To investigate how low-latency liquidity providers respond to incoming market data, we study the order book reactions to trades across platforms based on cash market data from BrokerTec and CME futures market data from Nanotick. We focus our analysis on the extent to which CME trades may cause a reduction in depth on BrokerTec, as captured by the cross-market trading activity measure introduced in our August blog post. In this case, the measure can be interpreted as the proportion of CME trades associated with top-of-book depth reduction on BrokerTec in excess of what might be expected by pure chance.

The charts below show that on average as much as 20 percent of Treasury futures trades at the bid (offer) are associated with depth reduction at the bid (offer) on the BrokerTec platform. Moreover, this BrokerTec order book reaction to CME trades peaks at a roughly 5 millisecond delay, which matches the current shortest possible transmission time between the two venues using cutting-edge microwave transmission technology. The evidence therefore supports the hypothesis that rapid depth reduction by low-latency liquidity providers contributes to the liquidity mirage. It is also worth highlighting that October 15, while exhibiting extreme price volatility, is not an outlier in this regard. As such, we did not find any evidence that the liquidity mirage was more pronounced on October 15 compared with our control days.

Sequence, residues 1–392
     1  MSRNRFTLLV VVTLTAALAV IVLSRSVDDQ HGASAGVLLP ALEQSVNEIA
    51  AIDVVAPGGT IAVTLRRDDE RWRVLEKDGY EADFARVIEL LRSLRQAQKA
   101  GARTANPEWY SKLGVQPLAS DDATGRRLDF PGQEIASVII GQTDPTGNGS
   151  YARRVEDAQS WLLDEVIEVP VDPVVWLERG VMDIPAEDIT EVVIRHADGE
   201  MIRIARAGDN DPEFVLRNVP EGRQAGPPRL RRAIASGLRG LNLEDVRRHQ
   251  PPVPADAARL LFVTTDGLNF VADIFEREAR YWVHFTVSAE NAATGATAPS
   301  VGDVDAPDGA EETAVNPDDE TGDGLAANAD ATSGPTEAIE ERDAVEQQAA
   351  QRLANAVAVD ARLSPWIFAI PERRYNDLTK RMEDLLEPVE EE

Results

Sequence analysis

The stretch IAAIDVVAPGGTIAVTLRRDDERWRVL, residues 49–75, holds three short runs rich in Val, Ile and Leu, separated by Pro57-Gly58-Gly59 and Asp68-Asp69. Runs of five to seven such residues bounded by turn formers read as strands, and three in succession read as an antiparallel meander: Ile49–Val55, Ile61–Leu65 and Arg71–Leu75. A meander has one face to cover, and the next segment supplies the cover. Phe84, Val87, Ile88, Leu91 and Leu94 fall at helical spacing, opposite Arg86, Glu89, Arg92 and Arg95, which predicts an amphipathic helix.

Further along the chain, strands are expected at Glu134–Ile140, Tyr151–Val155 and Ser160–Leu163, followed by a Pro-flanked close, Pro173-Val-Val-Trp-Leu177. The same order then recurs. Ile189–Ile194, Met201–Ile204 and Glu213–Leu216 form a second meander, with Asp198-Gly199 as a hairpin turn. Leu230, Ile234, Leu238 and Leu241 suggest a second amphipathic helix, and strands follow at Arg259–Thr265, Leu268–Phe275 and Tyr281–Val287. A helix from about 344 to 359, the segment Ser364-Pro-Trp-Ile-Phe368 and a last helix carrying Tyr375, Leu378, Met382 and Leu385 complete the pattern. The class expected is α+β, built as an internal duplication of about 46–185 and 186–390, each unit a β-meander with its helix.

CME Trades versus Depth Reductions on BrokerTec

An even stronger link exists between large CME trades (those with a trade size greater than fifty contracts) and top-of-book depth changes on BrokerTec. The chart below displays a remarkable spike indicating that nearly 60 percent of large CME trades are followed by BrokerTec depth reductions with an offset of 5 milliseconds. These findings underscore the fact that the total liquidity available to an investor at a given point in time in practice may tend to be closer to the depth of the market that gets accessed first rather than the sum of the depths in each market.

Large CME Trades versus Depth Reductions on BrokerTec